Every time Jonathan Gleich begins his long commute into Midtown Manhattan from Brighton Beach, he’s blazing a trail for equal rights for that most-discriminated-against segment of the commuting public: Segway riders.
Like a latter day Rosa Parks — though without the racial prejudice, threats of violence, or historical import, of course, but with a form of transportation — Gleich has rushed to court three times to fight what he says are unreasonable summonses issued by the NYPD for his use of the quirky, two-wheeled, self-balancing, electric scooter.
In all, Gleich has received five tickets for operating his device without a registration — though here’s the Catch-22: he gets tickets for not having proper registration because the Department of Motor Vehicles won’t issue him a registration because it does not recognize the Segway as legal.
Hence, Gleich’s daily commute has become his personal Freedom Ride — which explains his seemingly weekly visits to the DMV Court.
Indeed, last week, Gleich came to his latest hearing armed with dozens of legal documents (in a grey attaché case emblazoned with the Segway logo, wouldn’t you know?). The arresting officer testified sullenly: “The road was dry, the sky was clear and I was parked in my squad car. I then noticed the Segway driving in the shoulder of the road.”
Gleich was more spirited in his defense than the officer was in prosecution. He defended himself by presenting a pending state Senate bill that would recognize the scooter. And he also showed off pictures of himself with other, smiling cops on their NYPD-issued Segways.
“Police are allowed to drive Segways,” Gleich said, arguing that to make them legal only for police officer is unfair.
The judge paused enough to give Gleich a momentary hope. Then: “Guilty.”
But rulings be damned! Gleich, who is a self-professed lover of new and often esoteric technology, is just as committed to his Segway as he was when it came out to much media fanfare several years ago.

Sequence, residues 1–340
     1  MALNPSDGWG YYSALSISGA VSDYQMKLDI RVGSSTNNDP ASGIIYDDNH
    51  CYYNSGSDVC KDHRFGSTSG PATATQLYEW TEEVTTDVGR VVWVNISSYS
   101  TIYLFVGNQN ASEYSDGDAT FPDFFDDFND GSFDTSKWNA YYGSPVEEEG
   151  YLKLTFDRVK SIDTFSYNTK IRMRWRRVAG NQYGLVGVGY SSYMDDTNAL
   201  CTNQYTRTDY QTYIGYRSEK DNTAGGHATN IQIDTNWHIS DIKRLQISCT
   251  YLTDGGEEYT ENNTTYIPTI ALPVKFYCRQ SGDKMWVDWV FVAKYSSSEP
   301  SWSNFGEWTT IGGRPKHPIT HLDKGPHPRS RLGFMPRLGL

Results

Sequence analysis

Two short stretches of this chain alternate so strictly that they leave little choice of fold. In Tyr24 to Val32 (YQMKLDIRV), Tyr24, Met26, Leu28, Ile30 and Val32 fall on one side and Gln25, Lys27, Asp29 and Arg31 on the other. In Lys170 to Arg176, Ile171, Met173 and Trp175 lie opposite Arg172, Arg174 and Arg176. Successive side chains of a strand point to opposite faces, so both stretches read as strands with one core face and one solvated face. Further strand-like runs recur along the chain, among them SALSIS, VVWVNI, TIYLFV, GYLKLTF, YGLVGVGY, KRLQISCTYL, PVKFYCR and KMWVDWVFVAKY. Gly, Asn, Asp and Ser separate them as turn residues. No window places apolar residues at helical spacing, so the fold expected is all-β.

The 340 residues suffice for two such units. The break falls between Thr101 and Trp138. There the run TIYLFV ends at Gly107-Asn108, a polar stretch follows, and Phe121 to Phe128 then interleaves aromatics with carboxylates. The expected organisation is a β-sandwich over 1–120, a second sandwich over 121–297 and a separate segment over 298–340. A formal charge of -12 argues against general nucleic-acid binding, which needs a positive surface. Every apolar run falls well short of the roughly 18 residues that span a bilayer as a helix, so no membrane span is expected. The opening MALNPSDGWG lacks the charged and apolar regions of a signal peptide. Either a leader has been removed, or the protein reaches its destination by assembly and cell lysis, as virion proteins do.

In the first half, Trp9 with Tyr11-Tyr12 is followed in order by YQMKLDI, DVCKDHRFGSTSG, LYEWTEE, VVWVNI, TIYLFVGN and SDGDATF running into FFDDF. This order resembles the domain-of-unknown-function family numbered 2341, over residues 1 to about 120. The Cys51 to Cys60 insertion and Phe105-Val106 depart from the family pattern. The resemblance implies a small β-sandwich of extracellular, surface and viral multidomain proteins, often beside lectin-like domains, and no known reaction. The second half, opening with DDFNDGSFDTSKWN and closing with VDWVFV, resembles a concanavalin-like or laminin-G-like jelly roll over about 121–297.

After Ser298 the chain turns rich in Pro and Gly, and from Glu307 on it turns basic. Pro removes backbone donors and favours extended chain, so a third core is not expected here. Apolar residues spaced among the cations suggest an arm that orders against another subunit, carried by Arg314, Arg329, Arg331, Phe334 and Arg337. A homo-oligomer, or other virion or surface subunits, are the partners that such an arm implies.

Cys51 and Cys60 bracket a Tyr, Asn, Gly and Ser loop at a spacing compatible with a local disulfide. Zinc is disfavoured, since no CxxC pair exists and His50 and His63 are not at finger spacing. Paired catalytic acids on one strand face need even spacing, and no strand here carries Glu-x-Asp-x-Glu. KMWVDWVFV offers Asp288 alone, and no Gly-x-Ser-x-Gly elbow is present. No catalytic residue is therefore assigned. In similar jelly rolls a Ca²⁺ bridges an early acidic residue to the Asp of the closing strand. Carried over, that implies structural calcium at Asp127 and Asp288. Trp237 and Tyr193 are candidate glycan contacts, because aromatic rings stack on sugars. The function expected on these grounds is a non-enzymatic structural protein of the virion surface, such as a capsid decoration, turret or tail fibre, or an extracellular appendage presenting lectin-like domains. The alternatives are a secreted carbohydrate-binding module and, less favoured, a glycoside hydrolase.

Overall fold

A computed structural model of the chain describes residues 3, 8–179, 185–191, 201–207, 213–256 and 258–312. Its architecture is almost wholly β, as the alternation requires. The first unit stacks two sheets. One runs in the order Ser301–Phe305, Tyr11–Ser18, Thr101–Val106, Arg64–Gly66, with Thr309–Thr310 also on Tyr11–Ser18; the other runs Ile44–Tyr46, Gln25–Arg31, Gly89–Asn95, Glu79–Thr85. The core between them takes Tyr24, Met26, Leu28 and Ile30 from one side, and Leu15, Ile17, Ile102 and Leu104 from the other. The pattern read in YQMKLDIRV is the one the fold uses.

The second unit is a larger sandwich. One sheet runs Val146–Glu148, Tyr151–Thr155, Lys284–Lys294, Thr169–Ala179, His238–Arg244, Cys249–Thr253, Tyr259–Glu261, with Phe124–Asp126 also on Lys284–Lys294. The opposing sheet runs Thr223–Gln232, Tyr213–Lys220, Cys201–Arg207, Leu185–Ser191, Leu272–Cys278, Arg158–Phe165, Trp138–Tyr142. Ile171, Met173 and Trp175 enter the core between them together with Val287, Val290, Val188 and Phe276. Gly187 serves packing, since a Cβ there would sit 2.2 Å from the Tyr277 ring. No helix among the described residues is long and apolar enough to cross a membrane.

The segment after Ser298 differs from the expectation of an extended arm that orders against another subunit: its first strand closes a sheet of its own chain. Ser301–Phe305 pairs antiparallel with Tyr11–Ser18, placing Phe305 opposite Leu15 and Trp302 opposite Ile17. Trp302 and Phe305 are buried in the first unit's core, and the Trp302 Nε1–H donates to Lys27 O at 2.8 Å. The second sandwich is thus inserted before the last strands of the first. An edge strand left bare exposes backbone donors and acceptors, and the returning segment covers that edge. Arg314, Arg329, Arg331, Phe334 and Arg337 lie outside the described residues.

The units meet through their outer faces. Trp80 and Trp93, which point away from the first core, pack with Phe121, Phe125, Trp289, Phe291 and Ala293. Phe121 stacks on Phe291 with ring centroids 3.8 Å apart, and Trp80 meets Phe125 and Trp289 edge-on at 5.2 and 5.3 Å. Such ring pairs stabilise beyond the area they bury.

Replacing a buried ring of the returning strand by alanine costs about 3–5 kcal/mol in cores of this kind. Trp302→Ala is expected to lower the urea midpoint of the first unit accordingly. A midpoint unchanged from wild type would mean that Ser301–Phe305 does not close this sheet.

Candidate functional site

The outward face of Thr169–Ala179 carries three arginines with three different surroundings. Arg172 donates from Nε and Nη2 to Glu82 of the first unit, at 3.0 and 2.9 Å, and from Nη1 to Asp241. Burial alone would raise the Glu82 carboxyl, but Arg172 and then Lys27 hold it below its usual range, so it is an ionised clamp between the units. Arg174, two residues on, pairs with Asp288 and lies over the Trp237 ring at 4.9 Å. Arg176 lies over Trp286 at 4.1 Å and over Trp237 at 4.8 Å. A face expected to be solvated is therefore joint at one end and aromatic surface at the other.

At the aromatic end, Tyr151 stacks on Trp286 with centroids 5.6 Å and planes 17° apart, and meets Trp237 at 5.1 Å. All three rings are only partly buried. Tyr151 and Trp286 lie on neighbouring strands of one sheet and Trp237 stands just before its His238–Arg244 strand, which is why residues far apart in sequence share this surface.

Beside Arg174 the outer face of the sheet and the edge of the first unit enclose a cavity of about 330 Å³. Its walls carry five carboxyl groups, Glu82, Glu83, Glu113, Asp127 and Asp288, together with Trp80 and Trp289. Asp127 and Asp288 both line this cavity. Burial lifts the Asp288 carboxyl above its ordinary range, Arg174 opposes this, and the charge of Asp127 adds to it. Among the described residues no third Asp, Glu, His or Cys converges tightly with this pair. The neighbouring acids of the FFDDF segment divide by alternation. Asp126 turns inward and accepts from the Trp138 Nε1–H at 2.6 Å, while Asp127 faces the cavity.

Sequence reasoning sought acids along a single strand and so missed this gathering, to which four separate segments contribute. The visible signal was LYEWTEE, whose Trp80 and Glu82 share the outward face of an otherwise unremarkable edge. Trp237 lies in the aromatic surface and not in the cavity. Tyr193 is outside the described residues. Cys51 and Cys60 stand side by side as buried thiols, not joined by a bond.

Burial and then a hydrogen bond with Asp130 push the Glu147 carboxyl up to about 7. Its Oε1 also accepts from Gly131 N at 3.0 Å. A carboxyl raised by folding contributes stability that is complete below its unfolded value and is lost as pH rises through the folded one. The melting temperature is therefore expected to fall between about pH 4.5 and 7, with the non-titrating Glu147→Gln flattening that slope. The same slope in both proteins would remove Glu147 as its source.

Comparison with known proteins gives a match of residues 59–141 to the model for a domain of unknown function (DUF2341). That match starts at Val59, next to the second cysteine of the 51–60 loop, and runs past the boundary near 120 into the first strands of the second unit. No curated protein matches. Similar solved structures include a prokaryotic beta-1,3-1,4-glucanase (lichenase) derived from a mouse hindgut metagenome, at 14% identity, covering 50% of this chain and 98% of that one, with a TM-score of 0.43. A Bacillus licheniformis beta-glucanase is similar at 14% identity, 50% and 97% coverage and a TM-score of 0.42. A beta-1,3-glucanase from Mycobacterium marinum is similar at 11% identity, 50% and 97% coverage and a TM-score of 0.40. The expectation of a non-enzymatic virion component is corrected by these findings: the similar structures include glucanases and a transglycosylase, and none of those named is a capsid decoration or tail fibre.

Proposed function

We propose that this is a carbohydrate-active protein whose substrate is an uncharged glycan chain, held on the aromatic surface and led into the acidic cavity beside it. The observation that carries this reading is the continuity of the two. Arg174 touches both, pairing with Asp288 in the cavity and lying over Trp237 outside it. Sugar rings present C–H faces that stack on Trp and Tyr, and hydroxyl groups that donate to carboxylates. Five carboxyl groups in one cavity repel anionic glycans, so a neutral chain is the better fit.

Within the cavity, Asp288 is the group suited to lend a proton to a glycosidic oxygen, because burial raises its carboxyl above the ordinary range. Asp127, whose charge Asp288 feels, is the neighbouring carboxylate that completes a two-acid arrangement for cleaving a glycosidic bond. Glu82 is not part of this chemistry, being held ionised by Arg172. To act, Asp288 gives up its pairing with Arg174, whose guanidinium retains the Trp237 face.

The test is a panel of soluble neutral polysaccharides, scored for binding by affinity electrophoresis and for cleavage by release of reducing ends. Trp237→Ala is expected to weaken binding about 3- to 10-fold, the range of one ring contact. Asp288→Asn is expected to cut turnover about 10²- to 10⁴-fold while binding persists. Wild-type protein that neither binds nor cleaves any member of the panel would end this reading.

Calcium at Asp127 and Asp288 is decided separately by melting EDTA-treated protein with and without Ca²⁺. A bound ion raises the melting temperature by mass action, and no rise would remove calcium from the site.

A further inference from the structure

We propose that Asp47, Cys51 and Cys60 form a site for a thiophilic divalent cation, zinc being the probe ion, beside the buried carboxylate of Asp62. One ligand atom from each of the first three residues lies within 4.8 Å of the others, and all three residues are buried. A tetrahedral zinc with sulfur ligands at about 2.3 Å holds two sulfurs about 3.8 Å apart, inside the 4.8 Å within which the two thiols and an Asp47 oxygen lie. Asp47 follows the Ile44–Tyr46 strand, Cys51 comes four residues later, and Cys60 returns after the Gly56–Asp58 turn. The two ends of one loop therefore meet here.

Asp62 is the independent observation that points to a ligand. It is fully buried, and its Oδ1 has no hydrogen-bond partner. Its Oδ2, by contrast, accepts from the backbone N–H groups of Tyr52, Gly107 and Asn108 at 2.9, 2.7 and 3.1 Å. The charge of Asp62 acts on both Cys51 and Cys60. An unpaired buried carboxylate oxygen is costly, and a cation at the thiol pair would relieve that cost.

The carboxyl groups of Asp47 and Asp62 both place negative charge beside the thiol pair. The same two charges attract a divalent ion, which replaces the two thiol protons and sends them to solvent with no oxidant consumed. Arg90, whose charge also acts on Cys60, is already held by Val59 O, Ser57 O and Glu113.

He realized soon after buying one in 2003 that he had to do more than putter around in his backyard to justify spending over $5,000 on his new “toy.” That’s when he decided to commute on his Segway.
At first, Gleich was thrilled with the device and the uses he found for it. But as he took it to work more often, he began to get harassed, with passersby and bike riders taunting him as he rolled by.
“They would call me fat and lazy,” Gleich said.
Through it all, Gleich has racked up close to 10,000 miles in three and a half years — a number made all the more impressive by the savings he’s enjoying. Segways only use one-cent worth of electricity per mile, meaning that Gleich spends anywhere from eight to 14 times less than if he was driving.
But the tickets — which run $100 — are certainly cutting into his savings. But like any civil rights advocate, he fights on.
He’s certainly a hero as far as the Segway company is concerned.
“[Riders like Gleich] clearly are lawbreakers in the truest sense,” said company spokesman Matt Delida. “But if you look at the history of transportation, there were lots of communities that banned the automobile. These [Segway riders] serve the role of showing the real benefits of this new technology.”
Part of the reason that Gleich has railed so vehemently against what he views as an unfair rule is because he’s not used to being told no. When he found out he was too heavy to ride a Segway, for example, he lost over 200 pounds. He’s applied that same dedication to his repeated court battles.
“I keep losing, but I’ll keep fighting,” said Gleich. “This is just me striking back the only way I can strike back.”
Spoken like the Gandhi of transportation.